Shortage and maldistribution of the health workforce is one of the major problems of the health systems in many ASEAN countries [1]. The average density of the health workforce as measured by the number of doctors, nurses and midwives combined per 1000 population in ASEAN countries is still lower than global average. At the national level, there are critical shortages in five countries: Cambodia, Indonesia Laos, Myanmar and Vietnam.

In Thailand, even though the workforce density of health workers is not below the critical shortage boundary, there is maldistribution of the health workforce with shortages in underserved rural areas [1]. For example, the ratio of doctors and the ratio of nurses per capita in Bangkok are, respectively, 2.4 and 1.7 times the density of the central region, while the densities in the northeast region are only 50 % or 60 % of the densities of the central region [2]. Similar to other countries, it is difficult to attract and retain human resources for health (HRH) to work in rural areas in Thailand.

A number of policies have been implemented with the aim to retain key health professionals in the public sector. The examples are the expansion of medical doctor training capacity through various publicly supported projects such as the training for doctors to be positioned in the three southernmost provinces of Thailand and one scholarship per subdistrict to recruit students to study medicine or nursing and return to work in their home town. Despite these measures, there are still difficulties retaining staff in the public sector especially in remote areas. A number of financial measures and incentives such as special allowances for non-private practice and additional payments for remote staff have also been implemented. However, there has been no study to assess the equity in HRH financing in the public sector in Thailand.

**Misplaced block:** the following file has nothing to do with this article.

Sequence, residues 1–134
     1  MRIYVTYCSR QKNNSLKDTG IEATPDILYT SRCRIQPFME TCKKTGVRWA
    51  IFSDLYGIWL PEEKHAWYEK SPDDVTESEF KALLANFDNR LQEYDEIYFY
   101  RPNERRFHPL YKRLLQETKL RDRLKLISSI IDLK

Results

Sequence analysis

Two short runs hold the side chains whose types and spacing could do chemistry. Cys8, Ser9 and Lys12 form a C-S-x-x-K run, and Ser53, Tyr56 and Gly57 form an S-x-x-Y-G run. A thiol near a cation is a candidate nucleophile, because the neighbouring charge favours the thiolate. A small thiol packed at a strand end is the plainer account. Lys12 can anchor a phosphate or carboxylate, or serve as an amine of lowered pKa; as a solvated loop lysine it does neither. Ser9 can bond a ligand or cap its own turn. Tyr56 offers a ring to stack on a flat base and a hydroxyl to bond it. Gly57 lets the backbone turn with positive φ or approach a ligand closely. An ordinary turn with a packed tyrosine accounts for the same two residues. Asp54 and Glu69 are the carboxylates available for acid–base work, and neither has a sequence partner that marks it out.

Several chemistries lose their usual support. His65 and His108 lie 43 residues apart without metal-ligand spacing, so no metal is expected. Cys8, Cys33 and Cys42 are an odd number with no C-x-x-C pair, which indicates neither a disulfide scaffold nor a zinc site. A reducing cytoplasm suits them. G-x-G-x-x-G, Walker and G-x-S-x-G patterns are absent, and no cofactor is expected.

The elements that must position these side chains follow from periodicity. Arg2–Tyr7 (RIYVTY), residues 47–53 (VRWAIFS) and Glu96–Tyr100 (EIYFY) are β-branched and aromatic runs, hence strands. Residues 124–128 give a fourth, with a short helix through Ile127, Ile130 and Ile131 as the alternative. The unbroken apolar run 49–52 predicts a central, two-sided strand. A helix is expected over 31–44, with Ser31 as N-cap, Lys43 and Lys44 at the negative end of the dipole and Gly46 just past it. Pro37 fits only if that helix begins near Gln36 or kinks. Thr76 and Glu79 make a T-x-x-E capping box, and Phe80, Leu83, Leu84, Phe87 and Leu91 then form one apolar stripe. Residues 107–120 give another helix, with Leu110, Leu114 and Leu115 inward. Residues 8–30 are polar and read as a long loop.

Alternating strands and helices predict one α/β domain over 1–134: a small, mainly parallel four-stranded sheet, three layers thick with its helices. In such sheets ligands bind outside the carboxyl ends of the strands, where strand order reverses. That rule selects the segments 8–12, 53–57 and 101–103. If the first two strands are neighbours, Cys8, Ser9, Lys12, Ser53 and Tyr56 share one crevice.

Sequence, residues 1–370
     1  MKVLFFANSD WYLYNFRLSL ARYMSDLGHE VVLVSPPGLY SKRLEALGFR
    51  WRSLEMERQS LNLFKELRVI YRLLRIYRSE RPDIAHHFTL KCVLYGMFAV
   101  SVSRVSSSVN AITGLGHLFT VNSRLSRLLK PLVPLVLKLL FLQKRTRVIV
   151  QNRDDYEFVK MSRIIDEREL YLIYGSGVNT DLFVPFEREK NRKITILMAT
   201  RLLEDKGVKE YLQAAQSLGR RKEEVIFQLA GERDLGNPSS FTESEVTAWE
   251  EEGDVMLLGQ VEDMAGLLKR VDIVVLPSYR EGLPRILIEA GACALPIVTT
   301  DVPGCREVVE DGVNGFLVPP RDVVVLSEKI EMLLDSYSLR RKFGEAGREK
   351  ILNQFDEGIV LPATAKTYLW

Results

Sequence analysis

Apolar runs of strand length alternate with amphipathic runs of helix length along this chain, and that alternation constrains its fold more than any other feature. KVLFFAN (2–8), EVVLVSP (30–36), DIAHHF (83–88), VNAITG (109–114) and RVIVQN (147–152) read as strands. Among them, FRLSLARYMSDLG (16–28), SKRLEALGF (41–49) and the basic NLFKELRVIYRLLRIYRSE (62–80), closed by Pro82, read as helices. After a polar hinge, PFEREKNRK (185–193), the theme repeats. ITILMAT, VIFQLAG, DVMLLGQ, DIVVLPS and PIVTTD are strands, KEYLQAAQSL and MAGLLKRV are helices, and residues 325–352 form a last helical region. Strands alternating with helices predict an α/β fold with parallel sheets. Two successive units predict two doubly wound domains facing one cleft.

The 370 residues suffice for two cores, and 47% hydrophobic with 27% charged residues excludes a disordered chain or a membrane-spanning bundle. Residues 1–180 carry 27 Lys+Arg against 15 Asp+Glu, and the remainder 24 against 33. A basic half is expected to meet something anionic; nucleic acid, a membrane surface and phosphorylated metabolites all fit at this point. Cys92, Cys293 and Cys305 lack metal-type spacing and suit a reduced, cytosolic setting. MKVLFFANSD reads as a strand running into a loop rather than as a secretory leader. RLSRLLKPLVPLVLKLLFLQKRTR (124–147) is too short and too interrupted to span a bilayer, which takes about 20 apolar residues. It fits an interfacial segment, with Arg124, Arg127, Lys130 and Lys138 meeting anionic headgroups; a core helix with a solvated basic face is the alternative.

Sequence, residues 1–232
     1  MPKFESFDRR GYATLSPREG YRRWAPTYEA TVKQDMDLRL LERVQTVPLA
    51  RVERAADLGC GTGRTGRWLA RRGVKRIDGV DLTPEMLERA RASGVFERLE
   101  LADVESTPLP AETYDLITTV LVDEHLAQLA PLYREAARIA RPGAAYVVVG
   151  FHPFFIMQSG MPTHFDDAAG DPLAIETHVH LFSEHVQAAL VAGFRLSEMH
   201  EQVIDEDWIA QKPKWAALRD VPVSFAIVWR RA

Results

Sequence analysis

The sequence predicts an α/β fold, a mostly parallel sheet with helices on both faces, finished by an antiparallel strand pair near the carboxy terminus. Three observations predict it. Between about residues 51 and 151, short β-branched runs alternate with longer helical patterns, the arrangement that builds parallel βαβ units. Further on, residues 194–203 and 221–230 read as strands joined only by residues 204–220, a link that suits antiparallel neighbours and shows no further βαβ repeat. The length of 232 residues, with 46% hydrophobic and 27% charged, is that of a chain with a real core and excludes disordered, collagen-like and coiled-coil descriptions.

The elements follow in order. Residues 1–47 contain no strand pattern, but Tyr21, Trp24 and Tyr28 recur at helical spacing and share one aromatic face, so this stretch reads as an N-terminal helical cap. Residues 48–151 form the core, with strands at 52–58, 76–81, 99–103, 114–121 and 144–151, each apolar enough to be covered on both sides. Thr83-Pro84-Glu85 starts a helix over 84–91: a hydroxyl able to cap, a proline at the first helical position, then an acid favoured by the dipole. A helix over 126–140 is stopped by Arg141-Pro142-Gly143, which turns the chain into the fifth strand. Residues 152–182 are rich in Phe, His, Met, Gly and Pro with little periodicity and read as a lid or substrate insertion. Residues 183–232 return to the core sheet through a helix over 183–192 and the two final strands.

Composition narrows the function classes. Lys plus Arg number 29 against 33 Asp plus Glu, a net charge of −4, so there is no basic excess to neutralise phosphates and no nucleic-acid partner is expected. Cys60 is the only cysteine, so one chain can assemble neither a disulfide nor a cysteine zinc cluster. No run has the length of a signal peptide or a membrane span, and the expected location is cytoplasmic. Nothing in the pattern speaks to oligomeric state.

Equity is a normative concept that is not the same as equality. It relies on social perception of what is considered as fair or moral [3-6]. It requires adequate consideration of two key dimensions of equity namely horizontal equity and vertical equity. Horizontal equity is the equal treatment of the equals while vertical equity takes into account the variation of population characteristics into defining what would be fair. Measurement of equality therefore only satisfies the assessment of horizontal equity but not vertical equity.

There are many ways to measure inequality such as a basic comparison between the ratios of the highest to the lowest. This approach is easy to measure and easy to understand but may not be able to capture adequately the differences in between. Many composite indices also exist to summarize the inequalities such as the Gini coefficients, Theil index, Atkinson index and standard deviation of the logs [7]. However, these summary indices do not measure vertical inequity which requires a different set of summary indicators. For example, the Kakwani index, which was invented to assess the progressivity of the tax system, was also used to measure the vertical inequality of healthcare financing [8].